That all provides only a snapshot of arrests related to Operation Cloud Sword: in a December 2019 press conference, the Public Security Bureau 公安部 announced that more than 2,000 individuals from fourteen countries were turned over to Chinese authorities and repatriated to stand trial. And the efforts of Chinese police were further aided by the onset of the pandemic, as it restricted the movement of people.
The top half of Myanmar, then, became the obvious choice for scammers: not only were the de facto states of the borderlands more generally receptive to gray- and black-market enterprises and seemingly beyond the reach of Chinese authorities, but they could be reached through established overland smuggling routes.
Much of the border between China and Myanmar doesn’t actually separate China from Myanmar — the Republic of the Union of Myanmar, run since its 2021 coup by the military junta known as the Tatmadaw — but rather from a number of de facto independent states. The northern stretch of the border is usually under the control of the Kachin Independence Army, which has been involved in a bloody war with the junta for the past decade. Further south, the main areas of cross-border transit nominally within Myanmar are Kokang 果敢 (run by an ethnic Chinese group descended from Ming- and Qing-dynasty migrants) and the Wa State 佤邦, where — through a peculiar legacy of Chinese Communist Party support for the anti-Tatmadaw Communist Party of Burma — the official language is Chinese.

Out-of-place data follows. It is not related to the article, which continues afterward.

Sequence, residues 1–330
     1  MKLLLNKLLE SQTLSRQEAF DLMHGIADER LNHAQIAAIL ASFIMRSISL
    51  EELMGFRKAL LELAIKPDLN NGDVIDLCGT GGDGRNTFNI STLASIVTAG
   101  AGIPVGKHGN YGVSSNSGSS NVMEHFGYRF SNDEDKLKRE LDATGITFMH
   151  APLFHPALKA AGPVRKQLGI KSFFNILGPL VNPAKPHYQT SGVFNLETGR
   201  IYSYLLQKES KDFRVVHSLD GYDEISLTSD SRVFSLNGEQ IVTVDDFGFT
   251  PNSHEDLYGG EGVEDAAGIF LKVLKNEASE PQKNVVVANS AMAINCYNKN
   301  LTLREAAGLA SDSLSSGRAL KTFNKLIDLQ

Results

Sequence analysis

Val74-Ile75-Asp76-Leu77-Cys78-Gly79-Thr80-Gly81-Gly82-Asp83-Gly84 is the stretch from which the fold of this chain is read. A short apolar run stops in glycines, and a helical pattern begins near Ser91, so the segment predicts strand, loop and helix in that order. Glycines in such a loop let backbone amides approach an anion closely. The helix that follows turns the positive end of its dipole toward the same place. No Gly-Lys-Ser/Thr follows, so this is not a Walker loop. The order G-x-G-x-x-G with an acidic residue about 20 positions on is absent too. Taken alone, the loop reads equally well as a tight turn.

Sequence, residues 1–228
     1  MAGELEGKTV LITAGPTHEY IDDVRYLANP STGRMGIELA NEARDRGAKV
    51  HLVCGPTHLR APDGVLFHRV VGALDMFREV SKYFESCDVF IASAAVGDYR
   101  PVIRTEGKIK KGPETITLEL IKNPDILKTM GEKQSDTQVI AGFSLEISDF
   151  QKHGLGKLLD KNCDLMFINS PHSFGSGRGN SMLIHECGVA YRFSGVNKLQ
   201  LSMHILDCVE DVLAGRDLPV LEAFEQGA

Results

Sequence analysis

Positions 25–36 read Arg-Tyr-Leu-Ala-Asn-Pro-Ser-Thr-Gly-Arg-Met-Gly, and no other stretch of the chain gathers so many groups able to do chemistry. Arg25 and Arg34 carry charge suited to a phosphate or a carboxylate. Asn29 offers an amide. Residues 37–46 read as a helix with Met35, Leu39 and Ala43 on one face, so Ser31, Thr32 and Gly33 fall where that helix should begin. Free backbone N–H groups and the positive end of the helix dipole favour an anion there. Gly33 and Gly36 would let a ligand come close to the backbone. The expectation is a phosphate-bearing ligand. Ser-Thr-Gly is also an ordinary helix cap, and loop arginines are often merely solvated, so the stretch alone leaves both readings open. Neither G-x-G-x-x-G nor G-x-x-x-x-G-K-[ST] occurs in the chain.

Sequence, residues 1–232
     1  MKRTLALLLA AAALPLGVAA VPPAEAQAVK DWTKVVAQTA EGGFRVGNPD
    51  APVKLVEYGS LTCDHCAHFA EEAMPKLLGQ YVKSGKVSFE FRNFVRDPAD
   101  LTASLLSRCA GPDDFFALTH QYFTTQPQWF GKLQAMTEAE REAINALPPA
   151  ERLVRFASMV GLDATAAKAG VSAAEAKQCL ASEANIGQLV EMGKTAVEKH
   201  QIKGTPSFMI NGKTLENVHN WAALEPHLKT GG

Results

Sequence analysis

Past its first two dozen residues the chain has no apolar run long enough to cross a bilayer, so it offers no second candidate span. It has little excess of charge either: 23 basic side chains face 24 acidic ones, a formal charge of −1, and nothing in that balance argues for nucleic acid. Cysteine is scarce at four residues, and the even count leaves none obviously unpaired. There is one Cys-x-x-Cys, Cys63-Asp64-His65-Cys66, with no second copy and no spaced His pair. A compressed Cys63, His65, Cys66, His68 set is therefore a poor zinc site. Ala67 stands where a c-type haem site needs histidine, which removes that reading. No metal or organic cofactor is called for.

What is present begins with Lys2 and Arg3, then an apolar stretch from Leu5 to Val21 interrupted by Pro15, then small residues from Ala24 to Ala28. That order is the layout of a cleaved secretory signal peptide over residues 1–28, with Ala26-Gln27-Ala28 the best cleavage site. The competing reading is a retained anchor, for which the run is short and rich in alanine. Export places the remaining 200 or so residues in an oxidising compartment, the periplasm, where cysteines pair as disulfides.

For years, many of the states and ethnic militias along the border have used legal and illegal cross-border trade to fund their fight against the Tatmadaw. Chinese entrepreneurs have also set up shop in the region, seeing an opportunity to make money with minimal red tape. Some of those businesses are involved in above-ground industries like logistics, telecommunications, mining, timber, hospitality, and retail. Some are plugged into darker sectors of the economy like narcotics, the smuggling of poached animal parts, human trafficking, prostitution, and underground gaming. Telecom fraud has joined this frontier economy in Myanmar.
The scam industry persists with the blessing of local authorities in these de facto states — as well as legitimate investors and inland Chinese criminal groups, who are the source of expertise, equipment, and manpower.
Over the past several years, as scam operations have moved into Myanmar, lurid headlines have frequented Chinese media, detailing not only the fraud operations themselves but also the people lured to take part in them.
Many of the stories involve criminal gangs in Kokang, a territory intermittently claimed by China and home since the sixteenth century to an ethnic Chinese population. Since the 1990s, they have become a center for entrepreneurial players from north of the border, who have made fortunes off of the sex trade and casino gaming. On top of its history of illicit business, it has the necessary communications infrastructure to service phone and internet scammers, and a mobile network provided by China Unicom and China Telecom.
“Pickup trucks full of men with guns,” one account of a human-trafficking victim of a town near Laukkai 老街 begins, “and no traffic lights. Everywhere I looked, it was either phone-fraud companies or entertainment complexes [yúlèchéng 娱乐城, associated with not only karaoke and dance halls but also prostitution]. All I could think at that moment was that I was really done for.”
The victim here — his name is given as Li Wei 李伟 — was marched to a dormitory in a nine-story office tower and locked in for the night. As he tells it, he had been kidnapped on the way to taking a legitimate position in Yunnan 云南 and sold to the scam firm: